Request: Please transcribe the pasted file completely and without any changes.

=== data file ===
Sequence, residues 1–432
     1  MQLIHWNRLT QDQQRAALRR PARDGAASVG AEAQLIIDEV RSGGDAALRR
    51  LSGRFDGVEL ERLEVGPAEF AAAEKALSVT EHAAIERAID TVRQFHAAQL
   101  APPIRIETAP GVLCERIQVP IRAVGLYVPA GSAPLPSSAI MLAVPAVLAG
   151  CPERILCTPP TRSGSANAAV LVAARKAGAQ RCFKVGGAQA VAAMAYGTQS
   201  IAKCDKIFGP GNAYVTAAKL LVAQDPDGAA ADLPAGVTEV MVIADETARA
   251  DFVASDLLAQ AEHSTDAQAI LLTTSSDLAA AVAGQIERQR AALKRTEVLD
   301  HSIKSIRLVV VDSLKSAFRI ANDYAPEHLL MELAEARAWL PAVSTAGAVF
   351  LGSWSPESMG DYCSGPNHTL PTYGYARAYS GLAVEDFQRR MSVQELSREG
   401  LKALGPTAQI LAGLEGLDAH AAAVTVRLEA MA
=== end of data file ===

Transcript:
Sequence, residues 1–432
     1  MQLIHWNRLT QDQQRAALRR PARDGAASVG AEAQLIIDEV RSGGDAALRR
    51  LSGRFDGVEL ERLEVGPAEF AAAEKALSVT EHAAIERAID TVRQFHAAQL
   101  APPIRIETAP GVLCERIQVP IRAVGLYVPA GSAPLPSSAI MLAVPAVLAG
   151  CPERILCTPP TRSGSANAAV LVAARKAGAQ RCFKVGGAQA VAAMAYGTQS
   201  IAKCDKIFGP GNAYVTAAKL LVAQDPDGAA ADLPAGVTEV MVIADETARA
   251  DFVASDLLAQ AEHSTDAQAI LLTTSSDLAA AVAGQIERQR AALKRTEVLD
   301  HSIKSIRLVV VDSLKSAFRI ANDYAPEHLL MELAEARAWL PAVSTAGAVF
   351  LGSWSPESMG DYCSGPNHTL PTYGYARAYS GLAVEDFQRR MSVQELSREG
   401  LKALGPTAQI LAGLEGLDAH AAAVTVRLEA MA